There's where the magic of this film occurs. The great sound design and cinematic language imbue this film with a deeper meaning than as a simple biopic. We catch snippets of conversations off camera. We catch snipes, jabs, gossip, snide commentary from the crowd. Marie has to walk through this cacophony hourly and fails not to let it get to her. The best of the sequences is as she exits the chamber where her sister in law has just given birth and the assembled nobles hiss their derision that the next in line still has not produced an heir. It's all measured and underhanded until we see a court member actually turn and voice what the whispers are saying so Marie can hear it. The camera pushes in on Marie as she goes through a private chamber and loses her composure. All the pressure of her family, her husband's family, the court and the people of France caves in on her all at once in a claustrophobia of anguish.

This is what I feel many of the biopics about powerful or historical women lack. They lack a woman's perspective on the situation. There's a lot of discussion in film circles about the male gaze and films, even films ostensibly about women, who put the men around this woman in the forefront. In 2006 I understood that to be the default and as I was pretentious in my viewings at that time, not wanting to see films directed by women because they weren't "well made." I didn't understand that shift toward the feminine over the masculine brings a perspective that is more honest about what a woman may actually feel. I didn't understand the scope of reference that this shift can open up.

There is a sequence in Marie Antoinette that speaks to what I think that difference in language and perspective could be. After the birth of her first child, Marie is granted a home of her own, a retreat, as they call it. What may have been seen from the male perspective as another extravagance Marie has added to the debt of the kingdom, Coppola shifts for us into a more emotional idea. This sequence of scenes is about Marie's freedom. Her escape from the life of court, being an object, and the ridiculous protocols in place to make the royals feel more than human. Her freedom is evident, her happiness is evident even as she never expresses the words overtly. She becomes more than what the caricature of history has made her. When she has to put the shackles back on and return to the prison that is Versailles, the palette becomes drab, her skin paler and body less vibrant.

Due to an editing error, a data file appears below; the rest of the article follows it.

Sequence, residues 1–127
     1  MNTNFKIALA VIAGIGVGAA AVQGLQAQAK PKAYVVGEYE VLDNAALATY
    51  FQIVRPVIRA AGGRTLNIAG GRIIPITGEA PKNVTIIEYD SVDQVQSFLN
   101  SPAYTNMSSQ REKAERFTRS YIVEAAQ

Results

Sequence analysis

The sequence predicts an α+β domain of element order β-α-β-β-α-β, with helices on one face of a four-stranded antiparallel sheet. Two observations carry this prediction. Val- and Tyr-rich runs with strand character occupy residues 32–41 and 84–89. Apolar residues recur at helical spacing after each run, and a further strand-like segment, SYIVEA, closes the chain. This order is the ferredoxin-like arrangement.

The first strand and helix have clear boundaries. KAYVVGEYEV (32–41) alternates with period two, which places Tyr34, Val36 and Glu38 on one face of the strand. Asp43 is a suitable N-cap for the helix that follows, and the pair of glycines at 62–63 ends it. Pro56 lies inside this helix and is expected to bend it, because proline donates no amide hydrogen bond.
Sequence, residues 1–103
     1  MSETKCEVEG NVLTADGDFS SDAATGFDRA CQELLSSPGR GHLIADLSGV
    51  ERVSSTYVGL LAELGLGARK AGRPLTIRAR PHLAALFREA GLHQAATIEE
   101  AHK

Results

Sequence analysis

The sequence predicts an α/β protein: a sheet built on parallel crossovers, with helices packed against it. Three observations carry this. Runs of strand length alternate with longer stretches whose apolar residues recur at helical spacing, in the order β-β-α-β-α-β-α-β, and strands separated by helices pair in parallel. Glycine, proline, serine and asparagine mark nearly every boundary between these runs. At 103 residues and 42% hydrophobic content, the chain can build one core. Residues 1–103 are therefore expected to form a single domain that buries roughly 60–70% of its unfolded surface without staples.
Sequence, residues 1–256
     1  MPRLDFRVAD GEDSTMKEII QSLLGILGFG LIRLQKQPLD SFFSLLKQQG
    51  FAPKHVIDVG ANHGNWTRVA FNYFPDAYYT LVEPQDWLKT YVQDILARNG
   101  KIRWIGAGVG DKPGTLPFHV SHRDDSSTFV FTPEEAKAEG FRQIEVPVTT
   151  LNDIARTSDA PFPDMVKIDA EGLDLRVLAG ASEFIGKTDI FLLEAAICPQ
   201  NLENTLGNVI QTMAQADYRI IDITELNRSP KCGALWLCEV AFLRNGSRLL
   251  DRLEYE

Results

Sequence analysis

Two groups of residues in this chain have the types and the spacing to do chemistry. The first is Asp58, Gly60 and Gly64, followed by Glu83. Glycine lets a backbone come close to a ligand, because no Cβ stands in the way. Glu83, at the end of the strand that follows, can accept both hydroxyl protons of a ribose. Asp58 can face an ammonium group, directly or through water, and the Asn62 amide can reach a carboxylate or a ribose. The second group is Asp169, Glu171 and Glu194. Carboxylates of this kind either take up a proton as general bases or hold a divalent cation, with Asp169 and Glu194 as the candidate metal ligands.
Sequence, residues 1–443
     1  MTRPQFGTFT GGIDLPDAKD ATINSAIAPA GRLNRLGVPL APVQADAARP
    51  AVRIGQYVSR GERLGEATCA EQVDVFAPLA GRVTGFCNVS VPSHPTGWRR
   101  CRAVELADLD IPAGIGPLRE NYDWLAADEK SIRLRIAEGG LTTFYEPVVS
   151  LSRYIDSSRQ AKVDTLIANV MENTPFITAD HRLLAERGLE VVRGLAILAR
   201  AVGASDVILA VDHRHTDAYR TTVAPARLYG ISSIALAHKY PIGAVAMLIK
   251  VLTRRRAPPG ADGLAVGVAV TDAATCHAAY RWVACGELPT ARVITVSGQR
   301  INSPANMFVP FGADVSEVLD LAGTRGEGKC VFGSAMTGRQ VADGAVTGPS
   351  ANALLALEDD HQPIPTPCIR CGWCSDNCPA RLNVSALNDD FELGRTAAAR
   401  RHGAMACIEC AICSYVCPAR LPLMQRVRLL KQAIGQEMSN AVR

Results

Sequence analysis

This isn't to say that a male filmmaker wouldn't have the sensitivity to build this kind of sequence with this kind of intuitiveness or that every female filmmaker has the sensitivity to pull a sequence like this off. Yet, what I am getting at is, Sofia Coppola is uniquely pulling focus here to remind us that the stories we've been told, the stories historians focus on, aren't the totality of who that person was, those stories are only a small piece. They're a piece that another filmmaker may ignore to focus attention on the more familiar, more cruel aspects of Marie's life.

I've certainly come around on this film. Especially it's remarkably complimentary soundtrack that expressed the ideas of a teenage woman's coming of age better than any one classical musical accompaniment could. I think it's a film that should be seen and discussed for Coppola's cinematic language and perspective on a story we've always thought we knew. Seek it out if you get a chance.